Brightsurf Science News & Current Events

March 09, 2013
Mortality for acute aortic dissection near 1 percent per hour during initial onset
The belief among medical professionals in the 1950s that the mortality rate for type A acute aortic dissection during the initial 24 hours was one to two percent per hour appears to hold true in the contemporary era of treatment, based on a review of the large-scale IRAD registry being presented Mar.

Beware: Newly recognized heart cardiomyopathy is not always benign
Even though a newly recognized cardiomyopathy, which mainly impacts women, is typically treatable, Tako-tsubo cardiomyopathy can also be deadly when compounded by other co-morbidities, such as heart failure, according to a study being presented Mar.

Mayo Clinic study finds electric car does not interfere with implanted cardiac devices
A Mayo Clinic study has concluded that patients with implanted cardiac devices such as pacemakers and defibrillators can safely drive or ride in an electric car without risk of electromagnetic interference.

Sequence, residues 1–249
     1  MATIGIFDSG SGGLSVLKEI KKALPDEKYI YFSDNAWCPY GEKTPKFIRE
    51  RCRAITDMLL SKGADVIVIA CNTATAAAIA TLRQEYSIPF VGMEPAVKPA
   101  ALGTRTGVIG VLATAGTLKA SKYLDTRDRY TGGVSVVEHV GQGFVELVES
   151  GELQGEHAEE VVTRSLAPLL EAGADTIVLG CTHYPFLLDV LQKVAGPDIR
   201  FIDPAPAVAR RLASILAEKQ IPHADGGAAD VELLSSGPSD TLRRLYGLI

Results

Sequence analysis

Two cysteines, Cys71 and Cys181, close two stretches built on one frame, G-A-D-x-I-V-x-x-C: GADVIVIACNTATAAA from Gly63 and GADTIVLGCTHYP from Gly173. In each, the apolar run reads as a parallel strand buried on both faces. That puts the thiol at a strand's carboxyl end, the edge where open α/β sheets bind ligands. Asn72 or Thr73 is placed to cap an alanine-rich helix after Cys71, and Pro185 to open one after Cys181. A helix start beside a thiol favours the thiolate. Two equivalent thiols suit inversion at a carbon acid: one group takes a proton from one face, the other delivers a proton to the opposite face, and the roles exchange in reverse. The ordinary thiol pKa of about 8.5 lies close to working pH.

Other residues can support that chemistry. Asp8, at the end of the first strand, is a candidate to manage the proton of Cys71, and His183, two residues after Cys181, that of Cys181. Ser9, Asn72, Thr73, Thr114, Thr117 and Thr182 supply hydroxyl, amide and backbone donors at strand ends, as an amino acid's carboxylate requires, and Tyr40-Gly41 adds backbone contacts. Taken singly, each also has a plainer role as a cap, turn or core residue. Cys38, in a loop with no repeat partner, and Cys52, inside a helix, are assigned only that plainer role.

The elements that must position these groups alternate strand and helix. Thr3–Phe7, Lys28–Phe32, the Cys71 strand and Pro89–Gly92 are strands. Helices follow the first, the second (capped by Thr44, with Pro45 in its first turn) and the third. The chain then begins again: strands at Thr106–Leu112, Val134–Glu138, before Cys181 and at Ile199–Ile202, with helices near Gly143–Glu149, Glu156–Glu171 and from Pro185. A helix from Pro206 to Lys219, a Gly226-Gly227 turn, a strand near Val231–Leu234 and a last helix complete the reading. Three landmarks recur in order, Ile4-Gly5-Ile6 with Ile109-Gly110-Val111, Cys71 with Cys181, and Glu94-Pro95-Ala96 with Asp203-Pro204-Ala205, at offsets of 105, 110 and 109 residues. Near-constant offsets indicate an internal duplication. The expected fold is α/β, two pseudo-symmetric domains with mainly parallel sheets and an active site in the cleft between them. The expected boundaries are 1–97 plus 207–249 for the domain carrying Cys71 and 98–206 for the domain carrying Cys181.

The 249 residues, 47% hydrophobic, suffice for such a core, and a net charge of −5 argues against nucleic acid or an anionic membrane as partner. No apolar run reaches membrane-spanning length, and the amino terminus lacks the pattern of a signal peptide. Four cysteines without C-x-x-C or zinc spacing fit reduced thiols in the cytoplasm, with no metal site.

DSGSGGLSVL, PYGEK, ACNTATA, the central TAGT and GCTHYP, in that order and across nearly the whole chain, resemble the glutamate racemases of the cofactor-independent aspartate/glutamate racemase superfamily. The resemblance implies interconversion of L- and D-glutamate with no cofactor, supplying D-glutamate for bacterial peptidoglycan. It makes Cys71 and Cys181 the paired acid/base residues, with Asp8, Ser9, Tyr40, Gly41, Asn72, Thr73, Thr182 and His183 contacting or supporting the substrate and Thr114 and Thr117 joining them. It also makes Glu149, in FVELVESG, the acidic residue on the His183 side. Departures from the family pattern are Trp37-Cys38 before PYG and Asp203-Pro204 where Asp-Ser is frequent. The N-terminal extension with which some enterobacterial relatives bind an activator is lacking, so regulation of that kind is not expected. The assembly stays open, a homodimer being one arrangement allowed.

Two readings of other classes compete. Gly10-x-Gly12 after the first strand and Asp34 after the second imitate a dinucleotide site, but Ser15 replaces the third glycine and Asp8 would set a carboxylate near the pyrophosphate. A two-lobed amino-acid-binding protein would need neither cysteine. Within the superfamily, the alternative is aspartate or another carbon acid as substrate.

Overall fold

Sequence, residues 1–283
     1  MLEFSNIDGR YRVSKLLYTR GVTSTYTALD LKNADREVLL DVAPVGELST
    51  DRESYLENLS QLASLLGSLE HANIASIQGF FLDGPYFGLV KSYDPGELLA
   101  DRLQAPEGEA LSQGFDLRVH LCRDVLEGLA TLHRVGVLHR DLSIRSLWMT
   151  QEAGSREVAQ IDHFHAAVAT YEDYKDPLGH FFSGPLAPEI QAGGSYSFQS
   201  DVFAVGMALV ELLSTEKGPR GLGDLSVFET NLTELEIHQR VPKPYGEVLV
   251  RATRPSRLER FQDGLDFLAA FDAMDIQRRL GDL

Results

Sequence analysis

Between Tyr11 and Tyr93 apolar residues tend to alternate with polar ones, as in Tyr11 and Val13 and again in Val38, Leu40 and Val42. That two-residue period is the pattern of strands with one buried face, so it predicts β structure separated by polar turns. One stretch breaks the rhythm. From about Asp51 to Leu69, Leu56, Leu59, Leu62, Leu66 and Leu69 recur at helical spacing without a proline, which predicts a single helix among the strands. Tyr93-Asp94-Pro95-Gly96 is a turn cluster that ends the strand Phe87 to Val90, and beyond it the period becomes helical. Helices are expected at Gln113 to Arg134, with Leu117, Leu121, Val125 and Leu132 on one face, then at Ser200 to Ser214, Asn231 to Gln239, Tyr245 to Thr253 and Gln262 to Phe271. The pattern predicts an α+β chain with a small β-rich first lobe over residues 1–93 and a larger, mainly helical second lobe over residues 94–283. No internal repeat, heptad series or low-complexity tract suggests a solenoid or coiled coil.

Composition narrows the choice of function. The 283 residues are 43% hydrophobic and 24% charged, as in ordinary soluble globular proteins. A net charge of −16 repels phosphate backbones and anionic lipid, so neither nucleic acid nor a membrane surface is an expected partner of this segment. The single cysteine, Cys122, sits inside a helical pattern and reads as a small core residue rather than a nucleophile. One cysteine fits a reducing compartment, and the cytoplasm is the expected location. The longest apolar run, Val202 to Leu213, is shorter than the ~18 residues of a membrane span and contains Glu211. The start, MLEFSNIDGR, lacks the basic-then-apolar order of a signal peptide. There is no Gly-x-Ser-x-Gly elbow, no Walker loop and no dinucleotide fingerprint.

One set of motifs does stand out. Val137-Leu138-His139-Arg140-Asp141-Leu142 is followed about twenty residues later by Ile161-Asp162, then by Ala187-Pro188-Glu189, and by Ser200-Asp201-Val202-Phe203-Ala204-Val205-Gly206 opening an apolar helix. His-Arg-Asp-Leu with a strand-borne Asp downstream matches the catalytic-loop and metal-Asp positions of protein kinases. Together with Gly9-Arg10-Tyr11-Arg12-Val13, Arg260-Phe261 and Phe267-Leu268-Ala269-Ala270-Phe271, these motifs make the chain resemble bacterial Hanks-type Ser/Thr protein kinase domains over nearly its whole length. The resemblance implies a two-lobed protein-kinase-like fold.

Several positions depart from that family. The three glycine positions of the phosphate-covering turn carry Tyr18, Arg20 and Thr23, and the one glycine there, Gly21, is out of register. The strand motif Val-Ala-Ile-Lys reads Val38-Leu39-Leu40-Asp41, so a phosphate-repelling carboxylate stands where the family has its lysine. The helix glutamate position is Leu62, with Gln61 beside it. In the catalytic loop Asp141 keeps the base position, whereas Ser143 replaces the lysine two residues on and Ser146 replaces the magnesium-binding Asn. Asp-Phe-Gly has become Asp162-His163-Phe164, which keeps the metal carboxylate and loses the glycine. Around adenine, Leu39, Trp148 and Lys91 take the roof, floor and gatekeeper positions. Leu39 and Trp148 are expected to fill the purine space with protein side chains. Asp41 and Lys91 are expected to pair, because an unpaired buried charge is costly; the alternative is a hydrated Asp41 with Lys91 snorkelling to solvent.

Researchers develop new tool to eliminate 30-day hospital readmissions in heart failure patients
Researchers at the Intermountain Heart Institute at Intermountain Medical Center in Salt Lake City have developed an innovative tool designed to eliminate 30-day hospital readmissions for heart failure patients and improve the quality of medical care a patient receives in the hospital.

Shock teams and ECMO save lives in massive STEMI
The use of extracorporeal membrane oxygenation, accompanied by mechanical CPR, in patients with massive myocardial infarctions can lead to unexpected survival.

Niacin therapy shows no benefits, has some harmful effects
A highly anticipated study evaluating a combination of the vitamin niacin with the anti-flushing agent laropiprant finds the therapy provides no benefit to and may even be harmful for patients with vascular disease, according to research presented today at the American College of Cardiology's 62nd Annual Scientific Session.

Intermountain study finds length of DNA strands can predict life expectancy
Can the length of strands of DNA in patients with heart disease predict their life expectancy? is a participant in the Amazon Services LLC Associates Program, an affiliate advertising program designed to provide a means for sites to earn advertising fees by advertising and linking to